(Last UPDATED 11/8/2021) Description of the CSUS Arboretum, a three acre botanic garden located west of the J Street entrance to the campus. NEW: See Update – CSUS Arboretum Revisited.
Members of the Sacramento Renaissance Society recently had the opportunity to attend a class/tour of the CSUS Arboretum. The Arboretum is located west of the J Street entrance to the Sac State campus.
I signed up immediately to take the tour as I had never set foot in the Arboretum. It was only after I started taking Renaissance Society classes at Sac State that I became aware of its existence!
See related blog post: Sacramento Renaissance Society
A small group of us met up with Dr. Mike Baad, our tour guide, on a Friday morning. Dr. Baad is the Director of the Arboretum. As such, he is responsible for the maintenance of the site.
SacramentoRevealed.com – All Things Sacramento (from a personal perspective)
The Arboretum, founded in 1959, is a three acre botanic garden with approximately 1,300 different species of tree, shrubs and herbaceous perennials. The site was originally planted with about 50 trees largely donated by the U.S. National Arboretum.
The land it occupies had previously been home to a pear orchard and hop farm. I had actually learned about the Sac State campus-hop farm connection at a recent (Renaissance Society) A Cook’s Tour of Sacramento class on Sacramento’s Gold Rush Saloons!
See related blog post: Sacramento’s Gold Rush Saloons
CSUS Arboretum Collection
All the varied species that make up the CSUS Arboretum collection are from temperate regions of the world – similar to California’s Mediterranean climate. As a result, the Arboretum is a showcase for the diverse species of plants that can grow and bloom in our region.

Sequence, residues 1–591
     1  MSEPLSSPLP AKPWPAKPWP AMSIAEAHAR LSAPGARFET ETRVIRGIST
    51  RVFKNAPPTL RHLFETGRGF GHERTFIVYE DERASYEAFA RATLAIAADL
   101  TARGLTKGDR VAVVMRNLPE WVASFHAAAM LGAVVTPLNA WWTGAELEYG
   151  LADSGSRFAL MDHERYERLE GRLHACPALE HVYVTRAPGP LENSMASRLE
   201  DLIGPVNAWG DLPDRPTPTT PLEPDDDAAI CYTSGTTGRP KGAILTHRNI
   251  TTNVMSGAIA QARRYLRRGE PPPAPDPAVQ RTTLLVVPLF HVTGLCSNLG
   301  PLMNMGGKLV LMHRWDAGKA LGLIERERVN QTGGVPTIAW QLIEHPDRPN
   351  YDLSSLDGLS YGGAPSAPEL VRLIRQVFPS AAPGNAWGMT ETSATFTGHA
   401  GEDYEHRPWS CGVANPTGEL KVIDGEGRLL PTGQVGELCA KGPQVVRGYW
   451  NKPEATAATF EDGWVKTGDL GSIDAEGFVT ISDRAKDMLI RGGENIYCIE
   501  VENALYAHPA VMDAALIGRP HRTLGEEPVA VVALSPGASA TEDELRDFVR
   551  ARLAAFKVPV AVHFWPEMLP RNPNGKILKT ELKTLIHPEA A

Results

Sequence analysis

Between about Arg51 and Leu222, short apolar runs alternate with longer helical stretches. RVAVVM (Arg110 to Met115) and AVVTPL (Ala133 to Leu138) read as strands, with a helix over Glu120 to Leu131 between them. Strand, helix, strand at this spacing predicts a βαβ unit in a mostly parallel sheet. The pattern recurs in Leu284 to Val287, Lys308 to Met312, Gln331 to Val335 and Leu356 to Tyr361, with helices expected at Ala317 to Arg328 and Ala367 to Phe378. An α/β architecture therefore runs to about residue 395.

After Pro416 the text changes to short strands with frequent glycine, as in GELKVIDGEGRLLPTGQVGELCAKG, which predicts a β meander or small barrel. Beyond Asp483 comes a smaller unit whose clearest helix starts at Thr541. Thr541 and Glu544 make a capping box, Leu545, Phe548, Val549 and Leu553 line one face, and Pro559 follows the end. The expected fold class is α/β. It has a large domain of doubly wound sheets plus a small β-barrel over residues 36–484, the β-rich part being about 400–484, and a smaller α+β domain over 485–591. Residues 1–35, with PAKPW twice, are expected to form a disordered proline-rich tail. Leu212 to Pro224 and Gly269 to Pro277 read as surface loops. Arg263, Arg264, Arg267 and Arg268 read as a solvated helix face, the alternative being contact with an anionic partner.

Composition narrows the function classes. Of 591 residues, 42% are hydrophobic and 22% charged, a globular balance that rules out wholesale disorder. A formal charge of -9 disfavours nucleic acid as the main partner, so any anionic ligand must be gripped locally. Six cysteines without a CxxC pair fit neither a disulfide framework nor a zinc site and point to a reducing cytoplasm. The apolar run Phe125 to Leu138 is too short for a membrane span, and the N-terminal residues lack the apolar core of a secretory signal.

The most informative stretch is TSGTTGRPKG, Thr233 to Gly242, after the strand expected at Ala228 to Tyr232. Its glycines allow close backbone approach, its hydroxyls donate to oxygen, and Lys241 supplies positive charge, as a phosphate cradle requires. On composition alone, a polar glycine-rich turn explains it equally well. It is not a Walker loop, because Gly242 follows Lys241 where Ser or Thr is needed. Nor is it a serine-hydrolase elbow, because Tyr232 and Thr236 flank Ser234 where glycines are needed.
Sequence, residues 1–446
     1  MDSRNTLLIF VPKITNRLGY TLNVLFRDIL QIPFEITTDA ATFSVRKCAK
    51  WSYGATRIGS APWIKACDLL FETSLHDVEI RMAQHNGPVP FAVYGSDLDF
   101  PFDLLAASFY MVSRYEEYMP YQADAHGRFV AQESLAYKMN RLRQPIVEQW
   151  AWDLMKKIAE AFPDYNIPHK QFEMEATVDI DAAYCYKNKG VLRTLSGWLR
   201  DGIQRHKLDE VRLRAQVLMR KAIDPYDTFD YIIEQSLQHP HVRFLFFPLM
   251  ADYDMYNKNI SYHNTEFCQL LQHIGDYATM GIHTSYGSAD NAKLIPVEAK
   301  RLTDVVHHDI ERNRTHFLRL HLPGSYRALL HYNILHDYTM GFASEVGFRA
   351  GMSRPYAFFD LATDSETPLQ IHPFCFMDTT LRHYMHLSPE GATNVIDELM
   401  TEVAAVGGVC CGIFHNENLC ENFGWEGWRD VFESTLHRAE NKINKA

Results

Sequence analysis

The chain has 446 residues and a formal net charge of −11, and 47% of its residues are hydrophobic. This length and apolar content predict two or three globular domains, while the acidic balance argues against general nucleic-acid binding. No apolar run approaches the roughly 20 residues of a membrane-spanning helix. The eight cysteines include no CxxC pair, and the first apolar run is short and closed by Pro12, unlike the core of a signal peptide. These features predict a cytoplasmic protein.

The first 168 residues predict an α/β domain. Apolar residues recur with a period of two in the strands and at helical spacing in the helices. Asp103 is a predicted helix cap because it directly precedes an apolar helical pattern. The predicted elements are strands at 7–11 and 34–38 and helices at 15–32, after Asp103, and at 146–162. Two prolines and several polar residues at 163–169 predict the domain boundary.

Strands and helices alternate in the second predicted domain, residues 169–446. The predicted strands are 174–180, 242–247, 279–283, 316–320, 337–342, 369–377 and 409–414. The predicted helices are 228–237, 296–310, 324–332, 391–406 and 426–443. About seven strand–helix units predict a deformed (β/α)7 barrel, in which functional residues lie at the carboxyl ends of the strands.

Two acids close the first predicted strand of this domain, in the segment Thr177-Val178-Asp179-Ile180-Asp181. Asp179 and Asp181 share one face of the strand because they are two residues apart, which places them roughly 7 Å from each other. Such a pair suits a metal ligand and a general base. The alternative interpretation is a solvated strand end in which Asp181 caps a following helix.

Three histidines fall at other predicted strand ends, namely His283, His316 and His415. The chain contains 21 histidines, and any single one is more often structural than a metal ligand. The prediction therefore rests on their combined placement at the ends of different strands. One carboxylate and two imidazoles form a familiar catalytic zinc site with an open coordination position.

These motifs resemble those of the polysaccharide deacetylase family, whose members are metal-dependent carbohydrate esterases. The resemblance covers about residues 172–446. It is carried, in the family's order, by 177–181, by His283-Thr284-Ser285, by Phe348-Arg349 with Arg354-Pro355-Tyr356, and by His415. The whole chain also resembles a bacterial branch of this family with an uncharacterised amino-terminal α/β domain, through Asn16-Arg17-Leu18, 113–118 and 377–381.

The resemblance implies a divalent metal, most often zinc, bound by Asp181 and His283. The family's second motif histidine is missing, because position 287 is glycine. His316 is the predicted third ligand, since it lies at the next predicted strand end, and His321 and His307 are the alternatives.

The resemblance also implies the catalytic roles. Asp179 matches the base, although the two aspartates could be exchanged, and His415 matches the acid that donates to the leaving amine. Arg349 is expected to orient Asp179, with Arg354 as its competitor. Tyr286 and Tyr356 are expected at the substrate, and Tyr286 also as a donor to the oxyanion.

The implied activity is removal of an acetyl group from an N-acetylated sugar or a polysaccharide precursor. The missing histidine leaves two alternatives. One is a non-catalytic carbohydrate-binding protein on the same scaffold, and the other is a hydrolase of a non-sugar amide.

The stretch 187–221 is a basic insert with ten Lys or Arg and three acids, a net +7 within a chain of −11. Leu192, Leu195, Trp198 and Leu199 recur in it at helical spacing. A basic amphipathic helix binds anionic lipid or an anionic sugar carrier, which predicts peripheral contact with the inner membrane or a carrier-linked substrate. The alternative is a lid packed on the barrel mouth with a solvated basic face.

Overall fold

Geographic regions of origin of the Arboretum collection (according to a handout provided by Dr. Baad):
- California – 285 species (23%)
- Elsewhere in North America – 203 species (16%)
- Mexico – 76 species (6%)
- Central and South America – 58 species (5%)
- Northern and Central Europe – 53 species (4%)
- Mediterranean Region including West Asia – 146 species (11%)
- Eastern Asia – 268 species (21%)
- South Africa – 113 species (9%)
- Australia/New Zealand – 57 species (5%)
CSUS Arboretum Tour
Dr. Baad has been involved with the Arboretum for decades. As we walked along the paths he shared interesting facts about the various species, including their origins and characteristics. He also pointed out a number of trees, some quite large, that he himself had planted some years ago.
The Arboretum is a living laboratory. Dr. Badd showed us several examples where large trees had been toppled by the wind, resulting in damage to neighboring trees and plantings. While it was a shame to lose them, he explained that the opening up of the tree canopy also led to opportunities for other plants to thrive.
We were each provided with a tree identification field guide, and we stopped several times on our walk to observe the leaves of a particular tree in order to determine the species.
During our walk I noted varied seating scattered about – perfect for resting and/or enjoying the moment. I was impressed by the number of hummingbirds hovering around – they obviously love the Arboretum!
Several CSUS departments utilize the Arboretum for classes, and while we were there we observed a class taking place. The Arboretum is open to the public, and free guided field trips are offered to Sacramento’s public schools.
The Arboretum is currently funded as a cooperative venture between private donors and CSUS Facilities Management. The Arboretum does not have a supportive community organization as does some other universities. Locally, for example, UC Davis has a very active community organization “Friends of the UC Davis Arboretum and Public Garden.”